The latter position, ascribed by the schoolmen to the Averroists, becomes dominant among the later Nominalists, William of Occam and his disciples, who withdraw all doctrines of faith from the sphere of reason.
STATE RIGHTS, a term used generally in political science to denote those governmental rights which belong to the individual states of a federal union, there being a certain sphere of authority in which these individual states may act without interference from the central government.
The local monarchy of the manorial lords was fast giving way to a central power which maintained its laws, the circuits of its judges, the fiscal claims of its exchequer, the police interference of its civil officers all through the country, and, by prevailing over the franchises of manorial lords, gave shape to a vast dominion of legal equality and legal protection, in which the forces of commercial exchange, of contract, of social intercourse, found a ready and welcome sphere of action.
Even as professor of Greek he had given great prominence in his lectures to the study of the Scriptures; but he found a much more congenial sphere when, in 1698, he was appointed to the chair of theology.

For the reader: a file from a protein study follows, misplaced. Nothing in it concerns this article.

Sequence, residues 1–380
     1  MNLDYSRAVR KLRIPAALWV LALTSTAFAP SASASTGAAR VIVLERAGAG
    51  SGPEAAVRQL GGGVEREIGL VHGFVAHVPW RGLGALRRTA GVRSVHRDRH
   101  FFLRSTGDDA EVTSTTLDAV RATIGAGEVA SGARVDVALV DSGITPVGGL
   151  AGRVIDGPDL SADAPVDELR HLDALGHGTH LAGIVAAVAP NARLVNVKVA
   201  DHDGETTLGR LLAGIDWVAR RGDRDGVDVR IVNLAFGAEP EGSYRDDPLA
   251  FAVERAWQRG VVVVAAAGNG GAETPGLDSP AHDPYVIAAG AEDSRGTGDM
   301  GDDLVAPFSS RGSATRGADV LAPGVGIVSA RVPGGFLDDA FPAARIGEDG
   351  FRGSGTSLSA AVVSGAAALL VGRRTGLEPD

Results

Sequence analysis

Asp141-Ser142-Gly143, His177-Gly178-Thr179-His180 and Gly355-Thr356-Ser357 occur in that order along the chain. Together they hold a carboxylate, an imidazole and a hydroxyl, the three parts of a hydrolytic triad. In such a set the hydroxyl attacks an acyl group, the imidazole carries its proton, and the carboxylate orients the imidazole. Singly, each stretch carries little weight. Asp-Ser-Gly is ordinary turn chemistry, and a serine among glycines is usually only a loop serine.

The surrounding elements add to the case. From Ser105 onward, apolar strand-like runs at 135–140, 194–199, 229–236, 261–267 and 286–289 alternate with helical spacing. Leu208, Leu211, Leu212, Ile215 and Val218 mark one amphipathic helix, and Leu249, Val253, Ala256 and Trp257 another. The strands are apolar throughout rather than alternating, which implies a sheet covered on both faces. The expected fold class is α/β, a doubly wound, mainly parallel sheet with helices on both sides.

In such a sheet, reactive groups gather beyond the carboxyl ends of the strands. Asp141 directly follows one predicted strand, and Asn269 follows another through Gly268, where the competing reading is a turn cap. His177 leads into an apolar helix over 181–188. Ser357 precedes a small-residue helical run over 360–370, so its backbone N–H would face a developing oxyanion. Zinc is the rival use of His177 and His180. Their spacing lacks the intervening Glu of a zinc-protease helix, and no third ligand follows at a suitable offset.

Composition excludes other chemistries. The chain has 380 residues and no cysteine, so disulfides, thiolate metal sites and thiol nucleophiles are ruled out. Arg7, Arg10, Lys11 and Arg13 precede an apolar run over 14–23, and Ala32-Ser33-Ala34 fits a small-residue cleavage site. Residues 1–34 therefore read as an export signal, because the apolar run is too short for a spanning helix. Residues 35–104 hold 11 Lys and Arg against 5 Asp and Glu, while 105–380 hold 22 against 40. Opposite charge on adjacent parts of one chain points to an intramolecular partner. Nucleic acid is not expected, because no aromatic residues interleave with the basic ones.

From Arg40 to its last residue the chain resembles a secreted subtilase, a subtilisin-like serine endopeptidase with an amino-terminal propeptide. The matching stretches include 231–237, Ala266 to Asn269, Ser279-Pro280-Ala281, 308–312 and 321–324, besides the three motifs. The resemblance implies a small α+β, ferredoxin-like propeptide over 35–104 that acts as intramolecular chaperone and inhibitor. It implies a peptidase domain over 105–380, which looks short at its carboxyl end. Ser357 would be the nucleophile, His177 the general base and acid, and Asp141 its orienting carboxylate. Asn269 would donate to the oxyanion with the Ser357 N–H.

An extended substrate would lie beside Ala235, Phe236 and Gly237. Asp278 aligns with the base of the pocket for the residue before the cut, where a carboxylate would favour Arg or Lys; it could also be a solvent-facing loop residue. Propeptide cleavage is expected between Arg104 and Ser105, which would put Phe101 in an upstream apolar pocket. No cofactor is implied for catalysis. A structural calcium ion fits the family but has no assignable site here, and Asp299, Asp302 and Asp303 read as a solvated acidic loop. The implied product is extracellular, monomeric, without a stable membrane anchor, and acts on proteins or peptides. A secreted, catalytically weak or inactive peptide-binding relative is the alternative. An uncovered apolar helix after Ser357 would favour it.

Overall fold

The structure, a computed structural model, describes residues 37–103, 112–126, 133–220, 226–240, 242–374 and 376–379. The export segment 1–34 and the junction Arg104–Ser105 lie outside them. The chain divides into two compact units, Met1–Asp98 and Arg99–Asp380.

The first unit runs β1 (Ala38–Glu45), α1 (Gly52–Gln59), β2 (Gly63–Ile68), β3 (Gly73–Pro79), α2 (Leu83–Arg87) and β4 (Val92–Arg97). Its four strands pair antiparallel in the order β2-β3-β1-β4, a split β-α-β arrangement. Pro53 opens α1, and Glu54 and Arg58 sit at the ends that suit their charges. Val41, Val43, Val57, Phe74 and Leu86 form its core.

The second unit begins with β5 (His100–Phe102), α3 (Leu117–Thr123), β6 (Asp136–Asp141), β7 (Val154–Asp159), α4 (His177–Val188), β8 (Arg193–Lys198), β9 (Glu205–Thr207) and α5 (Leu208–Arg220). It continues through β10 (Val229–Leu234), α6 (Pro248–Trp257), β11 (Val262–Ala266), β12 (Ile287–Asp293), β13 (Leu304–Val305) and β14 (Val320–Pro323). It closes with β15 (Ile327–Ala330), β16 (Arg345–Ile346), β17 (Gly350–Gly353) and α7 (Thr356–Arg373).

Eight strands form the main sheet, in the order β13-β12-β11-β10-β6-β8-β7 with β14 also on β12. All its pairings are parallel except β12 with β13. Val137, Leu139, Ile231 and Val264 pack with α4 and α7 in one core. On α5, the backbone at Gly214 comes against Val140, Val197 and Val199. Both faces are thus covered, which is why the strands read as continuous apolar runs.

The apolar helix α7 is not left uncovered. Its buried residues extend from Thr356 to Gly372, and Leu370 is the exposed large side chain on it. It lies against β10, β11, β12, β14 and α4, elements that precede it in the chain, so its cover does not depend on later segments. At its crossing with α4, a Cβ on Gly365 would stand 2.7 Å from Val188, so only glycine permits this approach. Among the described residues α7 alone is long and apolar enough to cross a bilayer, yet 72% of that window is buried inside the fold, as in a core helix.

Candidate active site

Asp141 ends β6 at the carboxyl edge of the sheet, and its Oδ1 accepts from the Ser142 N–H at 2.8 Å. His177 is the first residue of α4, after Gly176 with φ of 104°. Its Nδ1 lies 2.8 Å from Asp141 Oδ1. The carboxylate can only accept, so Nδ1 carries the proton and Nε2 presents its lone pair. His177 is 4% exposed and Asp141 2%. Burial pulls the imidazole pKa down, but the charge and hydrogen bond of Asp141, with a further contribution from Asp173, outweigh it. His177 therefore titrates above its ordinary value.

Shortly afterwards his term of office was brought to a close by the failure of an attempt to secure for Italy a coaling station at Sanmen and a sphere of influence in China; but his policy of active participation in Chinese affairs was continued in a modified form by his successor, the Marquis Visconti Venosta, who, entering the reconstructed Pelloux cabinet in May 1899, retained the portfolio of foreign affairs in the ensuing Saracco administration, and secured the despatch of an Italian expedition, 2000 strong, to aid in repressing the Chinese outbreak and in protecting Italian interests in the Far East (July 1900).
Julius Caesar extended the sphere of the Roman municipal system by his enfranchisement of Cisalpine Gaul, and the consequent inclusion of all the towns of that region in the category of municipia.
In 1686 Spener accepted an appointment to the court-chaplaincy at Dresden, which opened to him a wider though more difficult sphere of labour.
It ended the old Aristotelian distinction between the sphere beneath the moon and the starry spaces beyond.
Exactly similar to that which would exist if the sphere were removed and a negative point charge - grid were placed at B.
In literature he embraced the whole sphere of contemporary studies, and distinguished himself as an orator, a writer of rhetorical treatises, a panegyrist of the dead, a violent impugner of the living, a translator from the Greek, an epistolographer and grave historian and a facetious compiler of fabliaux in Latin.